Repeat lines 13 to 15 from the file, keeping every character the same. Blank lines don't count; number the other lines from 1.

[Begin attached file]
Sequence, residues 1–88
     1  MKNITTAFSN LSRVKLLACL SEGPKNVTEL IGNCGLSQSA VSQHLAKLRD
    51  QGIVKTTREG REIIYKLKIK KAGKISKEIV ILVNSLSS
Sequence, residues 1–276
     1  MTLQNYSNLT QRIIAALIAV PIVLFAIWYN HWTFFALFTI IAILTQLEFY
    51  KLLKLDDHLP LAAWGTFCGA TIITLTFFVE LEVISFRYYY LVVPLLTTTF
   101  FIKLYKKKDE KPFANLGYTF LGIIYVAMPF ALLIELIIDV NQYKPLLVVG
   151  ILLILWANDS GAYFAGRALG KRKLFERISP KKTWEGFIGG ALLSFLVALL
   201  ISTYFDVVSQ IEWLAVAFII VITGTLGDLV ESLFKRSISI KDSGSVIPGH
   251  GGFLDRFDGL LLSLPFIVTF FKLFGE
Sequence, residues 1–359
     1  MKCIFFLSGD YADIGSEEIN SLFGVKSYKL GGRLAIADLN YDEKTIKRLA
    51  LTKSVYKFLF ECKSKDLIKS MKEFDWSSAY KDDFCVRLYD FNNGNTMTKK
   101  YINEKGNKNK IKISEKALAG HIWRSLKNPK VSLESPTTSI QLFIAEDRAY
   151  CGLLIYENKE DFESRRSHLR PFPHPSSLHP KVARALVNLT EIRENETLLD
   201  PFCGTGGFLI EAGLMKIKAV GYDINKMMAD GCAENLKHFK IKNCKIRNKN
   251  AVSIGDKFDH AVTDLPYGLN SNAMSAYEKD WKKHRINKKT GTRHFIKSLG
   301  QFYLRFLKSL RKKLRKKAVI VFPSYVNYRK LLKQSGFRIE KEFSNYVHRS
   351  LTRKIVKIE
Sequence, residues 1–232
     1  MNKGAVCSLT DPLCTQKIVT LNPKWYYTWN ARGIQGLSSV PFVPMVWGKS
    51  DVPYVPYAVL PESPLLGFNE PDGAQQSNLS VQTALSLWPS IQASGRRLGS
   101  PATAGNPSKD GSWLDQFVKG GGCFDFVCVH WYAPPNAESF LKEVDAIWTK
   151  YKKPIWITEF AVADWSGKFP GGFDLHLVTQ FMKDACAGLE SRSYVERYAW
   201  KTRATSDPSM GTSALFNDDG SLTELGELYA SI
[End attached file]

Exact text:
    51  LTKSVYKFLF ECKSKDLIKS MKEFDWSSAY KDDFCVRLYD FNNGNTMTKK
   101  YINEKGNKNK IKISEKALAG HIWRSLKNPK VSLESPTTSI QLFIAEDRAY
   151  CGLLIYENKE DFESRRSHLR PFPHPSSLHP KVARALVNLT EIRENETLLD